PSEG Nuclear is seeking approval to increase the power output of its Hope Creek nuclear plant.
In an application to the Nuclear Regulatory Commission, PSEG is asking to increase the reactor’s licensed output by 1.6 percent, a step that would boost the electricity generated by the plant.
The application is part of a process that allows the operator of nuclear plants to ramp up their output, a practice often used by energy companies since the early 1970s. The NRC has approved at least 154 so-called power uprates, increasing electricity output by more than 7,000 megawatts.
With few new plants being built, the industry has used power uprates as a way to add capacity, so much so that the added capacity through the upgrades is roughly the equivalent of seven new nuclear plants.
The NRC oversees three types of power uprates. The one being sought by PSEG is dubbed a MUR, or Measurement Uncertainty Recapture. Essentially, it involves upgrading monitoring equipment to more precisely calculate reactor power. By doing so, it reduces the uncertainty in the power level, helping analysts predict the ability of the reactor to safely shut down under possible accident conditions, according to the NRC.
“We are always looking to upgrade the equipment as needed,’’ said Joe Delmar, a spokesman for PSEG. “One of the benefits of installing this monitoring is to increase output.’’ He declined to say what the company is investing in the project.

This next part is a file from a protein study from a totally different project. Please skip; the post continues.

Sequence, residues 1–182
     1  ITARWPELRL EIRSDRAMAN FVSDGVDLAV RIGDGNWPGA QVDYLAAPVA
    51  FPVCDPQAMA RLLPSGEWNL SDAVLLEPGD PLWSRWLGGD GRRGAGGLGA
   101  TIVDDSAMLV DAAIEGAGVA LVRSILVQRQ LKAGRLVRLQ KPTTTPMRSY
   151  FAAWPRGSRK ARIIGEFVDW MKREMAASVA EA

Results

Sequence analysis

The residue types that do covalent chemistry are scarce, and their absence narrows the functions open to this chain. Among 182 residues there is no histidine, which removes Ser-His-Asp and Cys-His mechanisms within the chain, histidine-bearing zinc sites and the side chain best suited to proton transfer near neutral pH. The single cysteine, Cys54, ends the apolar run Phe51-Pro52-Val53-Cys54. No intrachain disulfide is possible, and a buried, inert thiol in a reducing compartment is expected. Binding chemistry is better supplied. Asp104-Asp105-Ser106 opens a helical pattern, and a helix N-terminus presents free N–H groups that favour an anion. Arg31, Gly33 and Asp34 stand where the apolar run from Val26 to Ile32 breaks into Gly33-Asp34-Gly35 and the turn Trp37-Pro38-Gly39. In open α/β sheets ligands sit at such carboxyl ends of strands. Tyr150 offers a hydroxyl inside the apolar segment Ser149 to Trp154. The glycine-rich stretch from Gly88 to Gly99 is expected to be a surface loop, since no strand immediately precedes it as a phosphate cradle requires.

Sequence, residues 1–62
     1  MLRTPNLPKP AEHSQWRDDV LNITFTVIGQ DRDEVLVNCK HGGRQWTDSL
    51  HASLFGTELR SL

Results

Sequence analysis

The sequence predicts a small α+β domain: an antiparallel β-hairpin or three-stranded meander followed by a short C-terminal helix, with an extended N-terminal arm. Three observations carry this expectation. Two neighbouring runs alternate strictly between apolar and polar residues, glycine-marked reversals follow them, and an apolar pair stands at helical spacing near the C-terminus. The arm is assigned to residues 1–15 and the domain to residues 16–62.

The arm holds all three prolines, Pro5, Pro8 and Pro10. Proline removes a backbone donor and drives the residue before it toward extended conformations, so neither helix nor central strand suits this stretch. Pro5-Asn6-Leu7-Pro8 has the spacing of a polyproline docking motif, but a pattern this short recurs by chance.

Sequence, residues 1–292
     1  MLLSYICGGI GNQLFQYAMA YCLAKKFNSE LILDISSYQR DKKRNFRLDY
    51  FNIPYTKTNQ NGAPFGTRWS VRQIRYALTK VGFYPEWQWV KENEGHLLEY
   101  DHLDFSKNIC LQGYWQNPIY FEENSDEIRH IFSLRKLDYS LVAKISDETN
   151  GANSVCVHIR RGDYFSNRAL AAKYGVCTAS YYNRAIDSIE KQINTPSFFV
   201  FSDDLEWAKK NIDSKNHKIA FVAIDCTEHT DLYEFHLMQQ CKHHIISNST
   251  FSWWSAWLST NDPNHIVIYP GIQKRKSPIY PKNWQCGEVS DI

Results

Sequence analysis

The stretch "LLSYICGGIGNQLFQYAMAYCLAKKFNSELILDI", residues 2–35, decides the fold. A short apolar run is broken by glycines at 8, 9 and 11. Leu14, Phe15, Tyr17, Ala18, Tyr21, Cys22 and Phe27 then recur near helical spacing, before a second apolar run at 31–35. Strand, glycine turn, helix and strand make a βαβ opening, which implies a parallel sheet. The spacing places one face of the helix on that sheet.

Salem I and II, the other two nuclear units at Artificial Island had the same type of power uprate, which limits the output upgrade to less than 2 percent, back in 2001, as did Hope Creek. In addition, Salem I had a so-called stretch power uprate approved in 1986, which allowed the unit to increase its output by 2 percent.
Hope Creek had the most extensive power uprate of the three units in 2008, when it increased its output by 15 percent. This a major undertaking, involving upgrading and replacing big pieces of equipment such as turbine generators and pumps.
The application for the uprate comes at a difficult time for the nuclear sector and PSEG, with many plants having a tough time competing with electricity generated by natural gas-fired units.
PSEG executives, citing the benefits of producing carbon-free electricity, are pushing state policymakers for financial incentives to keep the units open, as has been done in other states, like New York and Illinois.
The company is requesting the NRC to review and approve the application by March 2018, with hoped-for implementation in April 2018. In order to accommodate the uprate, the company would make modifications to the plant’s high-pressure turbine and install new flow meters.